VC issues results of economic impact study for Golden Crescent

Jan. 29, 2011 at 5:02 p.m.
Updated Jan. 28, 2011 at 7:29 p.m.

Victoria College recently completed an economic impact study that documents the role the school plays in the economic future of the Golden Crescent region and VC students.

The report explains Victoria taxpayers see a rate of return of 5.6 percent on their investment in VC. The overall Texas economy sees an increase of $20.1 million from the higher earnings generated by VC students and the economy of the Golden Crescent region receives about $17.4 million in direct revenue from VC's operations.

State and local economies see additional benefit from avoided social costs that amount to a savings of more than $1.1 million per year.

Every dollar of state and local tax money invested in VC yields $1.60 in benefits.

The study shows a meaningful economic impact for students. Students see a rate of return on their educational investment of 14.2 percent. For every dollar a student invests in their education they receive a cumulative $4.50 over their working careers.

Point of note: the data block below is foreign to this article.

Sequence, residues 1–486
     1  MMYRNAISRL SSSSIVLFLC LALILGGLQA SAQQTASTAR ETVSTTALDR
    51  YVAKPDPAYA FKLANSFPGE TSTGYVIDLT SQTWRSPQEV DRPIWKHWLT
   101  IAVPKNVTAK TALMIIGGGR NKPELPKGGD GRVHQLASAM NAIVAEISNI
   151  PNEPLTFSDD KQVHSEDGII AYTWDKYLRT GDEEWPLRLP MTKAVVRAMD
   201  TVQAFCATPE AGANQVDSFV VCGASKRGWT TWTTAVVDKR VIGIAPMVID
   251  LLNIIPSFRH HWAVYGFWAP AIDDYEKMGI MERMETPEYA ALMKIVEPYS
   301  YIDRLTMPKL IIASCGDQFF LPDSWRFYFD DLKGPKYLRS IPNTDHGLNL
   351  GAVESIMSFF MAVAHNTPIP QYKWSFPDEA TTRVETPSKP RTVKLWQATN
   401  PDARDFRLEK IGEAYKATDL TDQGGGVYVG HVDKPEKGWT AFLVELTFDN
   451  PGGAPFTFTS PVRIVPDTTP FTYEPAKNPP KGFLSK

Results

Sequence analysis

Associate degree graduates in the Golden Crescent region earn an average of $35,400 per year, 36 percent more than someone with a high school diploma.

The skills students gain at VC translate to higher earnings for themselves and higher productivity and profitability for local business and industry. This added income, which is directly attributable to the accumulation of VC credits in the workforce, amounts to about $91.5 million each year in the Golden Crescent region.

"As the State of Texas faces a looming budget shortfall, there is clear concern that additional cuts to these critical institutions could reduce their ability to impact the regional economy," said VC President Tom Butler. "But clearly, Victoria College's educational services are essential to the economy of the state and especially in the Golden Crescent region, both now and into the future."



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